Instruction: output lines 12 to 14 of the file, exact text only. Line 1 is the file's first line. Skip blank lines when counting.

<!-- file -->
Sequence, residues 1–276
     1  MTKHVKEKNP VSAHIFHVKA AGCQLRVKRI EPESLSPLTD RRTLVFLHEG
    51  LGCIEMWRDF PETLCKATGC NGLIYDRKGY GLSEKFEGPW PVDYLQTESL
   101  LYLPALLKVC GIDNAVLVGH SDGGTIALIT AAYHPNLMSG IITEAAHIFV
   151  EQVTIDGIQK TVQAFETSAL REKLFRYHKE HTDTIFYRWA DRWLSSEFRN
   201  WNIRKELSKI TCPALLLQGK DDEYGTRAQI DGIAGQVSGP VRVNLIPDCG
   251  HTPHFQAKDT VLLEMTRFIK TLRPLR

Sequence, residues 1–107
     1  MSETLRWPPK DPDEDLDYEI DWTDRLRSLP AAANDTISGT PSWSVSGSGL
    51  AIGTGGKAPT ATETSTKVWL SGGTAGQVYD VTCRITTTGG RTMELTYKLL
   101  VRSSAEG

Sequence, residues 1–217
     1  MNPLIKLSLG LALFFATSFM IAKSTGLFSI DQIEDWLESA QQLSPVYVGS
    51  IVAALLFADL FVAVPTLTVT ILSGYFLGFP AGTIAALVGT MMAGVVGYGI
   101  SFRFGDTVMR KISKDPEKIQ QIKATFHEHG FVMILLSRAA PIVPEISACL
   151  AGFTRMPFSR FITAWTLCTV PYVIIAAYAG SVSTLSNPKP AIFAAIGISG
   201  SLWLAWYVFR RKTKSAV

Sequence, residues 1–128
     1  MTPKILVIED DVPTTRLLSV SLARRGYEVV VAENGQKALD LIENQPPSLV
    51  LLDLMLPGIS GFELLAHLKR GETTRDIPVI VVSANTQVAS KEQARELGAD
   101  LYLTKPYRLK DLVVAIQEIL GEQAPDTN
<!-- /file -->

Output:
Sequence, residues 1–217
     1  MNPLIKLSLG LALFFATSFM IAKSTGLFSI DQIEDWLESA QQLSPVYVGS
    51  IVAALLFADL FVAVPTLTVT ILSGYFLGFP AGTIAALVGT MMAGVVGYGI